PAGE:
I will allow a brief speech from Patrick Harvie.

        • Patrick Harvie (Glasgow) (Green):
          I am grateful for the time and aware that there is not much of it. I speak in favour of Marlyn Glen's amendments and urge her to press them. I speak not as a member of the committee that has dealt with the bill, but as one with a background in supporting young people in their sexual health and sexual rights.

          There is a great danger that the bill, which is intended to address abuse and exploitation, will end up legislating against something of which people merely disapprove. Stewart Stevenson is right to say that 16 and 17-year-olds are entitled to a degree of protection on sex and sexuality. We have a responsibility to offer such protection when abuse and exploitation are the target, but the effect of section 8H will be to catch consensual, non-abusive behaviour of which some people might simply disapprove.

          As Marlyn Glen said, young people are less likely to be in relationships. They are much less likely to be in established relationships, as the Executive's amendments have it, but they are over the age of consent. We are talking about 16 and 17-year-olds, who are entitled to have sex lives without interference. They are entitled to make mistakes and to do things of which we disapprove. That is what consent is all about. The minister recognises that they are over the age of consent and are entitled to lead their own sex lives, so why should the state decide to intervene merely because they have made a choice to use their mobile phones to take a few snaps of each other in a perfectly innocent and non-exploitative way?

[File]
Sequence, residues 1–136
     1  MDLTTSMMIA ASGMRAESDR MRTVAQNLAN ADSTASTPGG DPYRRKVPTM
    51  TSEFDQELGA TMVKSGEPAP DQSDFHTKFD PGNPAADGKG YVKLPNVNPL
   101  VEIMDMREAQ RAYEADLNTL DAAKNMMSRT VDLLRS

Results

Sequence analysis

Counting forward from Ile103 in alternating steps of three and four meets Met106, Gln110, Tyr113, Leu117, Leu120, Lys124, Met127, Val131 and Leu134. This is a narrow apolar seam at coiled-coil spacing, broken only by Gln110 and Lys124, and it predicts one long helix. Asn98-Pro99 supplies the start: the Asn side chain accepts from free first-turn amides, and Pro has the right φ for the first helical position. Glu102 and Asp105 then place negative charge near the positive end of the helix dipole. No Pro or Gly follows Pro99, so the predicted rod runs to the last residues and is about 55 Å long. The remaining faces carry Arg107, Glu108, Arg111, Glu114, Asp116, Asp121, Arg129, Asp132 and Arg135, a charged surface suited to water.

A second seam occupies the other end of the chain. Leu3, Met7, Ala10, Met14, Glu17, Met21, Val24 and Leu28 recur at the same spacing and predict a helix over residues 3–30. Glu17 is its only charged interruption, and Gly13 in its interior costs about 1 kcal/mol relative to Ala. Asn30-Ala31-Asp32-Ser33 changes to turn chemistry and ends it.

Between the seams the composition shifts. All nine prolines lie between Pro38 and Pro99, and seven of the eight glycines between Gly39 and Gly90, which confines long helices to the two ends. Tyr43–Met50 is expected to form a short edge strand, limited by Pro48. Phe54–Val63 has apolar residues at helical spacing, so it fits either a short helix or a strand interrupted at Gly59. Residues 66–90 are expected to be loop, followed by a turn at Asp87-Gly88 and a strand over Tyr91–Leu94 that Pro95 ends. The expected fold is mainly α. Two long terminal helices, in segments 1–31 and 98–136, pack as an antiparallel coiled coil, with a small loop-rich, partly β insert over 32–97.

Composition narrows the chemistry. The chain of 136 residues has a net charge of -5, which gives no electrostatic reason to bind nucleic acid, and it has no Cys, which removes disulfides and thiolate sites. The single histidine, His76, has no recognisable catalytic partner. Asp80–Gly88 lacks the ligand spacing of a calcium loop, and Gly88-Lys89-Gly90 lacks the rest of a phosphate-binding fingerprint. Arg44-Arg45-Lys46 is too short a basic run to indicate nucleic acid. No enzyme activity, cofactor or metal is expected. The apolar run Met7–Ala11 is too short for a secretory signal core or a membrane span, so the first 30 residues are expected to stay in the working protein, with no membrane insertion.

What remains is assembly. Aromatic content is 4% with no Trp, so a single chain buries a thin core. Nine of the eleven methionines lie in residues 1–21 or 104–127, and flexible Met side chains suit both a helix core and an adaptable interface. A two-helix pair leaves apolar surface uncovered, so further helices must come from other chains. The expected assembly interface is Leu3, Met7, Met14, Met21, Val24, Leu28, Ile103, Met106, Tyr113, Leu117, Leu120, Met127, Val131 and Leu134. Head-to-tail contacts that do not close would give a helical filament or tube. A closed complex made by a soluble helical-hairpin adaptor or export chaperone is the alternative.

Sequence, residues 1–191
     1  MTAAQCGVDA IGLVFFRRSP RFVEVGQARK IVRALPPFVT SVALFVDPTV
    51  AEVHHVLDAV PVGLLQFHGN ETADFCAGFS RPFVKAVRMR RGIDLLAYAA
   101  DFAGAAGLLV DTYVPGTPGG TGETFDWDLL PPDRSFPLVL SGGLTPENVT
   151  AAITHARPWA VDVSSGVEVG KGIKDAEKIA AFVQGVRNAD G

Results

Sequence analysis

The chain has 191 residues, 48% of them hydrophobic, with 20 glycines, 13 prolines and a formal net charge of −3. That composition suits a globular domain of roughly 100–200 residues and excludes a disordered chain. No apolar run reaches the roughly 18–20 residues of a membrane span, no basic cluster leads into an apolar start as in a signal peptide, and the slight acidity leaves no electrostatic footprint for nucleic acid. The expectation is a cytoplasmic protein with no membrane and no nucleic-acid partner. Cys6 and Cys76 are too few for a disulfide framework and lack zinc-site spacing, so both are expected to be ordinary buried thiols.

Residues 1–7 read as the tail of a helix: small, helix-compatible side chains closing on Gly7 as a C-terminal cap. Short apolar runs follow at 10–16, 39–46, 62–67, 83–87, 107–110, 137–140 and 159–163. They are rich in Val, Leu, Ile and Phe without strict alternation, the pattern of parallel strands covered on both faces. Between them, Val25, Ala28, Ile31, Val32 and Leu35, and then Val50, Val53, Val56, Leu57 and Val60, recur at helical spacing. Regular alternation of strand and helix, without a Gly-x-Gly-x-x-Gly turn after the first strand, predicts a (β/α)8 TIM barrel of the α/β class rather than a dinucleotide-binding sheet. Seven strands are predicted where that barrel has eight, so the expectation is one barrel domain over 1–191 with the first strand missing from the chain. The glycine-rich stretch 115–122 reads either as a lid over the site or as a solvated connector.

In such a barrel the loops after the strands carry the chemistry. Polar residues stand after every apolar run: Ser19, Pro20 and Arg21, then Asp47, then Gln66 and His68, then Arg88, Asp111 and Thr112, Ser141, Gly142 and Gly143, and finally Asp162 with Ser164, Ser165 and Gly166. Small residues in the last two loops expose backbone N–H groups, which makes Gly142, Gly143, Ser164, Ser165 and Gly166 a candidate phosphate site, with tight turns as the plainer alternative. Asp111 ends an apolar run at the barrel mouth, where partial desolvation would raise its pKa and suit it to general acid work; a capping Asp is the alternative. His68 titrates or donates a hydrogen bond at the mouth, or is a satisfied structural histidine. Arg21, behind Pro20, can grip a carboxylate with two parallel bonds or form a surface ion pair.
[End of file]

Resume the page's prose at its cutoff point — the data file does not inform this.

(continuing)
I am also uncomfortable with the emphasis on marriage and civil partnerships in the provisions, because it seems to imply that for people to have sex lives outside those forms of relationship is to be frowned upon. It is not our business to frown upon that. Consent is consent. We run the risk of legislating because of disapproval rather than legislating against abuse or exploitation. Again, I urge Marlyn Glen to consider pressing her amendments.

        • Marlyn Glen:
          One of the difficulties with this part of the debate is that the committee did not have time to examine whether section 8H cuts across the rights that young people have. I am aware of the difficulty that members—not only members of the committee—have in making decisions on the amendments in group 9. However, I listened carefully to the minister's response and I accept his assurances. I will seek the Parliament's approval to withdraw amendment 54. I hope that we will return to have a more wide-ranging debate at a later date.

        • Amendment 54, by agreement, withdrawn.

        • Amendment 55 moved—[Pauline McNeill]—and agreed to.

        • Amendment 56 not moved.

        • Amendment 17 moved—[Hugh Henry].

        • The Deputy Presiding Officer:
          The question is, that amendment 17 be agreed to. Are we agreed?

        • Members:
          No.

        • The Deputy Presiding Officer:
          There will be a division.

        • For

          Adam, Brian (Aberdeen North) (SNP)
          Alexander, Ms Wendy (Paisley North) (Lab)
          Arbuckle, Mr Andrew (Mid Scotland and Fife) (LD)
          Baillie, Jackie (Dumbarton) (Lab)
          Baker, Richard (North East Scotland) (Lab)
          Barrie, Scott (Dunfermline West) (Lab)
          Boyack, Sarah (Edinburgh Central) (Lab)
          Brankin, Rhona (Midlothian) (Lab)
          Brocklebank, Mr Ted (Mid Scotland and Fife) (Con)
          Brown, Robert (Glasgow) (LD)
          Butler, Bill (Glasgow Anniesland) (Lab)
          Byrne, Ms Rosemary (South of Scotland) (SSP)